The moment we stepped off the plane at Cyril E. King Airport on St. Thomas the pressure of our daily lives began to dissolve and the anticipation began to build as we went to visit an old friend. We knew we could have taken the safari bus from the airport but settled for the expediency of a cab, and the cost of $20. The right turn from the left lane into the historic enclave of Frenchtown, at the far northern tip of Charlotte Amalie, simply made us smile. We bumped down a narrow street between ballfields and the shopping center until we rolled down the little road that meandered between the old 100,000-gallon cistern and the shoreline until the road ended. We gleefully hopped out of the taxi and up the stairs to the wooden deck and reception desk of the renovated and rejuvenated Olga’s Fancy.
The “Lobby” of Olga’s Fancy
A coat of blue paint and colorful embellishments on the underside of the awnings seemed to breathe new life into the hotel. Olga was still Olga though, with a main house on the ground floor, then up one level for a breakfast nook, then another to the pool deck and a completely renovated pool. The other sections of the hotel were still accessed by wooden stairs that ascend the side of the hill, branching off to three separate blocks of rooms, two with views of the pool and the harbor and a third, our favorite, with a view of the water and Hassel island.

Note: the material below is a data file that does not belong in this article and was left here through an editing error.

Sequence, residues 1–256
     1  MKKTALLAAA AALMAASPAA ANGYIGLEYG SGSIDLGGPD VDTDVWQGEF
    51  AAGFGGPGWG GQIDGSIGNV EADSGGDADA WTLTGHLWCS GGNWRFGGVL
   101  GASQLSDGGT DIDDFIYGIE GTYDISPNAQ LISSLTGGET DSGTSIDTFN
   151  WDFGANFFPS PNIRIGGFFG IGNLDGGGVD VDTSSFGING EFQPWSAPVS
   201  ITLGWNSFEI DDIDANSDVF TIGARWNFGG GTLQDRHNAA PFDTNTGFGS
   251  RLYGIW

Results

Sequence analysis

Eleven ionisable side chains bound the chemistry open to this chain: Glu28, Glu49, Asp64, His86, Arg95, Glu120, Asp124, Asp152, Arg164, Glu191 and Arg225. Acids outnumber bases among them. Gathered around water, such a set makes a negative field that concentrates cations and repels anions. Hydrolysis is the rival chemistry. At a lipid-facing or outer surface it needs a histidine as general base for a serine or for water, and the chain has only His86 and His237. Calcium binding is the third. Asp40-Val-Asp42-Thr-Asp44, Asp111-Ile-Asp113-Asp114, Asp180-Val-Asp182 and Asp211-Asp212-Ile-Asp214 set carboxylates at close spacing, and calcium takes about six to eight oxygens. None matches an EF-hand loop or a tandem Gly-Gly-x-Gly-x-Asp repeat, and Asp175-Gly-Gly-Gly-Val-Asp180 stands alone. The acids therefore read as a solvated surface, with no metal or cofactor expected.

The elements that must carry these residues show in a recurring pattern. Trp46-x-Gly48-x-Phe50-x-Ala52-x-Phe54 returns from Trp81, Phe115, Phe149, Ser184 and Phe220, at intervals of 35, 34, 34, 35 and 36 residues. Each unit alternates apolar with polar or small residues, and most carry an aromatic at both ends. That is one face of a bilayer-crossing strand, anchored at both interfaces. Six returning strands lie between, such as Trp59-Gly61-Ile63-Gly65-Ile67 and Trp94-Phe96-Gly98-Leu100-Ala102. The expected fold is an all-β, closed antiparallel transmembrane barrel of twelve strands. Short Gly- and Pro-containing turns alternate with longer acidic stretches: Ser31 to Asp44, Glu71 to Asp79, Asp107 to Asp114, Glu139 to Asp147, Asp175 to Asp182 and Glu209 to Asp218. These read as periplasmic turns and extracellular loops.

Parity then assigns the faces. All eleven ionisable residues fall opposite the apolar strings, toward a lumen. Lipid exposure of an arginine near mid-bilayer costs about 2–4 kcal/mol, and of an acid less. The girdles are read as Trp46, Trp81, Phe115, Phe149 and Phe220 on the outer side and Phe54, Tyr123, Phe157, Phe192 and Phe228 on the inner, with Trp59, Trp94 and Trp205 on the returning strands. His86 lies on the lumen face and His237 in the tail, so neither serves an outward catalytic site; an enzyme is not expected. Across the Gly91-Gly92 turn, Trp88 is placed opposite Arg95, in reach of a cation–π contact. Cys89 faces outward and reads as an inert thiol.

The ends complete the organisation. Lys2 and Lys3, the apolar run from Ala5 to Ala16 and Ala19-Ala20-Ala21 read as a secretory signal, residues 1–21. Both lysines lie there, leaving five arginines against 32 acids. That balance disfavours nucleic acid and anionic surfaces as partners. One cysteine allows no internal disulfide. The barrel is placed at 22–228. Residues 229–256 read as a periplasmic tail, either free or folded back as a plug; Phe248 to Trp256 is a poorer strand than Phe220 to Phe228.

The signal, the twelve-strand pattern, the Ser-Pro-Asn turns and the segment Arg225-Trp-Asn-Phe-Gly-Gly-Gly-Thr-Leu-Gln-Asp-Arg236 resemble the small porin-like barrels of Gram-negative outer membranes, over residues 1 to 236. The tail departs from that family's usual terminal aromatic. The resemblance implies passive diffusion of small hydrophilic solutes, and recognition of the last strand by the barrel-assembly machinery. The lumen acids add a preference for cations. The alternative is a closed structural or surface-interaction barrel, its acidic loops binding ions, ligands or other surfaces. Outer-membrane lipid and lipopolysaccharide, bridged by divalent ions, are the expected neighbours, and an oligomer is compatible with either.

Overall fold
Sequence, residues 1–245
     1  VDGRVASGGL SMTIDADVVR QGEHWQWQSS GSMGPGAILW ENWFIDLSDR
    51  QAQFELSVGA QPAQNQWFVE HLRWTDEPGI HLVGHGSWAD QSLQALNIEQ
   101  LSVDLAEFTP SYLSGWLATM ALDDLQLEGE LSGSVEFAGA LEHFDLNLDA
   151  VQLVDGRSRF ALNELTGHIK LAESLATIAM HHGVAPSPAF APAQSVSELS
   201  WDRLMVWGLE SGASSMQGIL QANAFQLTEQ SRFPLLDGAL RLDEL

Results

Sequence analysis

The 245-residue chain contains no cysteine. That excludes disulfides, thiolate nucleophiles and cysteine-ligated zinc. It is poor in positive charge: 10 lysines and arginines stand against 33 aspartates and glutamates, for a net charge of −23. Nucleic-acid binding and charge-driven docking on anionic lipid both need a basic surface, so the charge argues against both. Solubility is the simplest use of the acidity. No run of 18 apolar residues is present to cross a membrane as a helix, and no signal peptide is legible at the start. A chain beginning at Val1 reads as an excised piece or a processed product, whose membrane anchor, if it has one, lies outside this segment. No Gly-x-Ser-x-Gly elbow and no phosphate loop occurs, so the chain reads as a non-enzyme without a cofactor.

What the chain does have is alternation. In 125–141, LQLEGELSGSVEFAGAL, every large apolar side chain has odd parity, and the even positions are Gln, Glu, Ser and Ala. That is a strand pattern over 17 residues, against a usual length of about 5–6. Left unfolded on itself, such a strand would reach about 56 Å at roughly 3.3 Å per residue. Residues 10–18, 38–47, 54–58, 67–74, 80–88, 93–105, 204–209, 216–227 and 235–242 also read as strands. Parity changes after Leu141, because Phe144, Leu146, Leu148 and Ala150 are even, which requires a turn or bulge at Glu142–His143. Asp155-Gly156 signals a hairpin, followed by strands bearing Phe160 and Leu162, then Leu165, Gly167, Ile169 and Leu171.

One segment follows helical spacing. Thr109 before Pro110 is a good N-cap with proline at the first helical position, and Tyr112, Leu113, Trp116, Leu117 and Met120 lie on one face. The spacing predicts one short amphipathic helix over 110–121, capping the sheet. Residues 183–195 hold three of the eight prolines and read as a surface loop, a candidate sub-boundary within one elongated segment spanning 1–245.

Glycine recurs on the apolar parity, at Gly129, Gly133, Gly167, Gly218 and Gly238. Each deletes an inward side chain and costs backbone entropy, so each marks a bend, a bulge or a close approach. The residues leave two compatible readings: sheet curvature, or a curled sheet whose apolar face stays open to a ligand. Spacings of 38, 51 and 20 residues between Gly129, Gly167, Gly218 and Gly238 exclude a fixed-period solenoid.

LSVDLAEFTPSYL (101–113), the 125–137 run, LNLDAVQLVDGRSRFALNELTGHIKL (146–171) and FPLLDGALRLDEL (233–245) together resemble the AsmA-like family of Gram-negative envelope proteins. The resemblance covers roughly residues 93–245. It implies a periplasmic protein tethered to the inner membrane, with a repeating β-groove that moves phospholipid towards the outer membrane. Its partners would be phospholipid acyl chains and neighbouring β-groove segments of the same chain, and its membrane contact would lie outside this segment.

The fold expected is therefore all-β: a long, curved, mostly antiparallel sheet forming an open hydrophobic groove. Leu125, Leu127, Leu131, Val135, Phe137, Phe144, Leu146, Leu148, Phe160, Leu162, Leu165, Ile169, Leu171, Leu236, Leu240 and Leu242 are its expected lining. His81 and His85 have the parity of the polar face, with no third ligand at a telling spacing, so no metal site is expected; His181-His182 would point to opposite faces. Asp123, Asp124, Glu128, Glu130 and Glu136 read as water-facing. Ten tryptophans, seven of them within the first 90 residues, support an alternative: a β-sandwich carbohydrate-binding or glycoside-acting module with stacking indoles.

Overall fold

One of the many spots of green and stone on the property.
A view of the pool
The rooms were still small and efficient, but with some major renovations since our last visit. The sink and vanity had been replaced with a much more modern fixtures; the bed, end tables, lighting fixtures and chairs were replaced and upgraded as well making the small room feel much more chic. Gone were the old bathtubs with mismatched fixtures (not that we minded the hot and cold knobs both saying cold and being from different decades), replaced with large tile showers. The water pressure and the hot water was not exactly what we’re used to with our gas-powered hot water heater, but did the trick to wash the sand off your body and out of your hair after a long day of swimming at the beach. The most important thing about the room hadn’t changed: the view. The view that amazed us on our first trip was still there. We were perched above the water, allowing us to watch the boats go by in the channel and the seaplanes buzz by as they landed. At night we were lulled to sleep by the sound of the water gently crashing against the rocks.
The view from our room.
Change can make you nervous. We’ve seen places we love change — and not always for the better — but this time the differences fit well with our memories. The changes made while resurrecting a place we so sorely missed leave us confident that Villa Olga, now Olga’s Fancy, will be there waiting for our return in the years to come.